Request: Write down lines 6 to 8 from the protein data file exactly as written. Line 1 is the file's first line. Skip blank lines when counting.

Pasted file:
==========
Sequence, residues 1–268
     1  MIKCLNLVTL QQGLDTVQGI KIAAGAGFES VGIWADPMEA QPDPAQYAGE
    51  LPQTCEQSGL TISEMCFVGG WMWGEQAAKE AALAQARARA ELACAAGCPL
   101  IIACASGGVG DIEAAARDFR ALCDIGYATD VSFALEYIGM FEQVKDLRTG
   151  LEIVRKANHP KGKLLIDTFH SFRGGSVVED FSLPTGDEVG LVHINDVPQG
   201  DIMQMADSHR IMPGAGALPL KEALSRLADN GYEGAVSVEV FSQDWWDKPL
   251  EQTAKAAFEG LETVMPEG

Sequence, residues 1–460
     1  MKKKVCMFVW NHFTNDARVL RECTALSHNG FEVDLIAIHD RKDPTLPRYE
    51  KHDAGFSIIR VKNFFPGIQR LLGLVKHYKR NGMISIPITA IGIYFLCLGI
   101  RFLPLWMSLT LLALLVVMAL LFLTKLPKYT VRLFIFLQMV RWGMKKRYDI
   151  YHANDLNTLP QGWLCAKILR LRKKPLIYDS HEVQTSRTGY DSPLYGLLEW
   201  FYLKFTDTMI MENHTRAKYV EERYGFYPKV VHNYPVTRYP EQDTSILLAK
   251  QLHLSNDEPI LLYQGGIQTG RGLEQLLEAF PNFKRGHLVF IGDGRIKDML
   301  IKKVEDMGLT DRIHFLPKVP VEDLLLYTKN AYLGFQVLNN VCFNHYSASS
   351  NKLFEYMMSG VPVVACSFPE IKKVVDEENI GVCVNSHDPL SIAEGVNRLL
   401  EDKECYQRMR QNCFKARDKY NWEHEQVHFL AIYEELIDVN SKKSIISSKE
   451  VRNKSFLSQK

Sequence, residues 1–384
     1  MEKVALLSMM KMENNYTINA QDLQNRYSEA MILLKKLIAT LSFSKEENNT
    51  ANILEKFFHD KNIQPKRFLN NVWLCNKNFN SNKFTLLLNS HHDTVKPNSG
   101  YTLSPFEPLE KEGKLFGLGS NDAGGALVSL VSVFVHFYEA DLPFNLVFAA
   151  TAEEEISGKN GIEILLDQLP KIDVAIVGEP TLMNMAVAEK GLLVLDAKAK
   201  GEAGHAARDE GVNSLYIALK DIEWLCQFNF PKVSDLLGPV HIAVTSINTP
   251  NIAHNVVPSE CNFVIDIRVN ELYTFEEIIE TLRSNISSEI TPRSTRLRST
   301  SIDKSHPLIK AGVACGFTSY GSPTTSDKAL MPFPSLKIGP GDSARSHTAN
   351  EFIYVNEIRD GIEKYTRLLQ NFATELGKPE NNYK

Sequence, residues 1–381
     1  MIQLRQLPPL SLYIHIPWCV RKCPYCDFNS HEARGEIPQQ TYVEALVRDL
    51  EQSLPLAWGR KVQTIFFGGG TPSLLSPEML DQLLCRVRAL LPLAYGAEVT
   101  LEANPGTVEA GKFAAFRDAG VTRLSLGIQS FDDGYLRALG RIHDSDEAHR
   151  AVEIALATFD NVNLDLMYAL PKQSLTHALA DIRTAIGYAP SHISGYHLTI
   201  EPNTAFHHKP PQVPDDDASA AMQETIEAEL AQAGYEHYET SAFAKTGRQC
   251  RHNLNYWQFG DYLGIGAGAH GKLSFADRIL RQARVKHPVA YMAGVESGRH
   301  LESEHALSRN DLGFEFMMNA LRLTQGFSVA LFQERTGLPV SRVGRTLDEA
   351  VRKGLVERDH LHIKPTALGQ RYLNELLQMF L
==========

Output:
   201  DIMQMADSHR IMPGAGALPL KEALSRLADN GYEGAVSVEV FSQDWWDKPL
   251  EQTAKAAFEG LETVMPEG

Sequence, residues 1–460